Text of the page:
People who write notes in the margins of a book. As a digital notebook, Scribe is basic at best. But writing notes in the books you’re reading—as well as exporting and reviewing them later—works just fine.

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People who work with complex documents. You can import and overwrite Word documents and PDFs, but Amazon says you can’t encode files that include large tables. And if you work with a lot of long PDF sheets, you might see Writer hesitate when you try to scroll to a new page. (It doesn’t always happen, but it can really slow you down if you’re looking for something specific.)

People who keep files in the cloud. Scribe can’t connect to services like Dropbox or Google Drive, which means it takes some work to work on the documents you’ve stored there. And if you want to get the stuff back from Scribe, you have two options: email it to yourself, or view it (but not save it) in the Kindle app on your phone or tablet.

Those who like to read in the tub. Many of Amazon’s other recent Kindles can survive an accidental spill or splash. Not so for the company’s most expensive Kindle—you might want to think twice before packing it up for a day at the beach.

What the marketing doesn’t say

Other devices can make reading a little easier. iPads and Android tablets can run Amazon’s Kindle app, which includes one useful feature that Scribe lacks: a two-column display when you hold your gadget horizontally. It feels like reading a real book, and its absence here will be a real problem for some.

You can just drag and drop files onto the writer. Using Amazon’s Send to Kindle website to send files to Scribe is easy enough, and it didn’t take more than two minutes to get through. But if you’re somewhere you can’t get online—or if you don’t want Amazon as an intermediary—you can transfer files using the included USB cable.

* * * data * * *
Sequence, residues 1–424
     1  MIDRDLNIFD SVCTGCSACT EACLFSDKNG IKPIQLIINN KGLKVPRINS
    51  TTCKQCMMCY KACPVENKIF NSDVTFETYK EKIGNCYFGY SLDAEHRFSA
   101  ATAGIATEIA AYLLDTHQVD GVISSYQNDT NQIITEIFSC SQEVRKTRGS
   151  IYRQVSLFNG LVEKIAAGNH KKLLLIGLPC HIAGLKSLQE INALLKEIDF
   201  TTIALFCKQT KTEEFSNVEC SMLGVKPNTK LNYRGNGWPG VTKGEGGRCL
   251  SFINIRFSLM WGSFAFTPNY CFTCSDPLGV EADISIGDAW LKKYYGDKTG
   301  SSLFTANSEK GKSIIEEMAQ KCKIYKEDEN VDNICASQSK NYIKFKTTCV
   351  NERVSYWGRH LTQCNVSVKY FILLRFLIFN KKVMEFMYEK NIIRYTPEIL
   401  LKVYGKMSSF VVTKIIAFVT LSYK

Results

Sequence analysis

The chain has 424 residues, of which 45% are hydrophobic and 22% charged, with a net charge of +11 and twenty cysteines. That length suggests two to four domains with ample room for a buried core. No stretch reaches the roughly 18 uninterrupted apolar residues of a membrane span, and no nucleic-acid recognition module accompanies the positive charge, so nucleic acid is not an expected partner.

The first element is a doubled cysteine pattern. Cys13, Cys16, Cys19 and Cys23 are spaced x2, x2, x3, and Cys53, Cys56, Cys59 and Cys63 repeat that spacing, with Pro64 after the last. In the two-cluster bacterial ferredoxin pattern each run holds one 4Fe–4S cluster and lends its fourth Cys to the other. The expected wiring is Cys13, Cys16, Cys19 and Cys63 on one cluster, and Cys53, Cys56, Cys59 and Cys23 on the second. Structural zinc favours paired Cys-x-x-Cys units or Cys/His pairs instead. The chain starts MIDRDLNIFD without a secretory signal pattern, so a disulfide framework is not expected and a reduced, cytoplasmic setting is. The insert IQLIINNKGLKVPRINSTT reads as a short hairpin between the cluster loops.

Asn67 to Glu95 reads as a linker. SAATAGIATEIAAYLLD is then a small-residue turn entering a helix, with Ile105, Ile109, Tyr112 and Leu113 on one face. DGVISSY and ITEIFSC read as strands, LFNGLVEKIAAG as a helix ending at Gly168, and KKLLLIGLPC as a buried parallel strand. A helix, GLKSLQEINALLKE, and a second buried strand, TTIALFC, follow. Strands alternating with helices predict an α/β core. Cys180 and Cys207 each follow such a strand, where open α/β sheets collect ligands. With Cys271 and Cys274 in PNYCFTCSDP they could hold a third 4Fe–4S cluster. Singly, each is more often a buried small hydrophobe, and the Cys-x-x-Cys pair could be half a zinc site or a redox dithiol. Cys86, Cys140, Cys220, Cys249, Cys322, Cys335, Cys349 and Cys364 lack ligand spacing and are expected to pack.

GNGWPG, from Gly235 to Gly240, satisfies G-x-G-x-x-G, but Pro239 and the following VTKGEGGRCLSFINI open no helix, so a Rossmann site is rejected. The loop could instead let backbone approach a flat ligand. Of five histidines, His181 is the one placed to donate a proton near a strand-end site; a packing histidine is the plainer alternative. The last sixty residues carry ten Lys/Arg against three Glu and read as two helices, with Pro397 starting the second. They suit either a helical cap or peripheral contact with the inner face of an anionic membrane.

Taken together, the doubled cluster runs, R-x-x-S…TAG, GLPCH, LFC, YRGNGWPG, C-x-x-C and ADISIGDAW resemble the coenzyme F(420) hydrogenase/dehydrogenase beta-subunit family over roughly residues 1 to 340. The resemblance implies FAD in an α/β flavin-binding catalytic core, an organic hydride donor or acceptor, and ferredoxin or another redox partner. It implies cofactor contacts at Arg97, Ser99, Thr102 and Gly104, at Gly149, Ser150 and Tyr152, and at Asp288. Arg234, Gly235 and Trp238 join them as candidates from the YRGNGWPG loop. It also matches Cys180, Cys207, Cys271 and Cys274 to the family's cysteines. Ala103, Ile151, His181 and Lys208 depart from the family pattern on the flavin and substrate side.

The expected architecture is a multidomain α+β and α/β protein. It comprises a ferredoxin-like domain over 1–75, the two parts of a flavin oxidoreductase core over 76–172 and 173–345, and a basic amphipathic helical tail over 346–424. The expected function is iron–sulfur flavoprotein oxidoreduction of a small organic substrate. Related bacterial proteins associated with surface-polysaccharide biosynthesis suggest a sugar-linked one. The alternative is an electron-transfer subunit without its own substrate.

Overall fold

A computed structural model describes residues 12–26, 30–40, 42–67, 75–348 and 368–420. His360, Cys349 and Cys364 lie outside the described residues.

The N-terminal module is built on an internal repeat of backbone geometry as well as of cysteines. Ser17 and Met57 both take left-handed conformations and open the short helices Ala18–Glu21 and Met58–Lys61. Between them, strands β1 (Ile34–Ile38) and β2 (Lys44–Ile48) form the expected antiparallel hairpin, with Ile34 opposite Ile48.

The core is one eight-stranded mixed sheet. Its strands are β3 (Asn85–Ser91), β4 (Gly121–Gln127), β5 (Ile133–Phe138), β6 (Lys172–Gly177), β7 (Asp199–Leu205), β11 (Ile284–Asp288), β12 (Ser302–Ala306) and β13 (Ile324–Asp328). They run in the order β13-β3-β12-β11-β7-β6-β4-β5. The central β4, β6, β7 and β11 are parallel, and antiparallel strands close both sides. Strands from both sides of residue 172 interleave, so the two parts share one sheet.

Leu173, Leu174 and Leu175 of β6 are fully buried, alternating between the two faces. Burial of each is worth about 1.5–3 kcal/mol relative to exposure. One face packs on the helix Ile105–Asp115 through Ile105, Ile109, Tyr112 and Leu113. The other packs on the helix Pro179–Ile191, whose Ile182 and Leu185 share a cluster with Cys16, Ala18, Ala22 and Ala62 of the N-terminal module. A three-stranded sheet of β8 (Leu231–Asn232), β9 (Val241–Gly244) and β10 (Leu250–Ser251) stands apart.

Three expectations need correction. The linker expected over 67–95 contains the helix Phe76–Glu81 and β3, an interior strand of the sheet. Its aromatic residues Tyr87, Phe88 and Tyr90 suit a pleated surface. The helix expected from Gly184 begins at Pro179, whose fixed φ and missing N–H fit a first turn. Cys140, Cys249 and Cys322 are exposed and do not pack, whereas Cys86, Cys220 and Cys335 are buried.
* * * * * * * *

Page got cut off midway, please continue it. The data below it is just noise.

You can fill it with books you didn’t buy from Amazon. Okay, okay, Scribe’s product page technically mentions this. But it bears repeating that you can transfer digital books in EPUB format You didn’t buy it from Amazon on the author. So far, the books I’ve tested look the way they’re supposed to, but your mileage may vary.

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The FBI shut down the book on Z-Library, and readers and authors clashed

What are the alternatives?

If Scribe is an e-book reader first, and a digital notebook second, reMarkable 2 is the exact opposite. You can’t buy books on anyone, although loading them with files to read is trivial. And the lack of any built-in lighting means that reading in bed may require turning on the lamp.

But what really shines is how it handles writing and organization. The features I mentioned to Writer that it lacks — such as navigating parts of writing and converting handwriting to text — work great here. reMarkable also includes more options for customizing pen strokes, as well as support for cloud services like Google Drive and Dropbox for easy access to your files.

The catch: reMarkable doesn’t come with a free stylus — it’ll cost you at least an extra $79. The full package costs more than Writer, but people who crave being productive might benefit more from reMarkable’s features.

Meanwhile, the $599 Onyx Boox Tab Ultra is the most ambitious digital notebook I’ve ever seen. It has a processor fast enough to play HD video, a camera for scanning documents, and it runs on a customized version of Android. This means you can install Amazon’s Kindle app — or the Kobo Store or Libby — and read books from just about anywhere.

The catch: The program is, frankly, a mess. You don’t need to search for long before getting into the confusing menu options, and app crashes are not uncommon.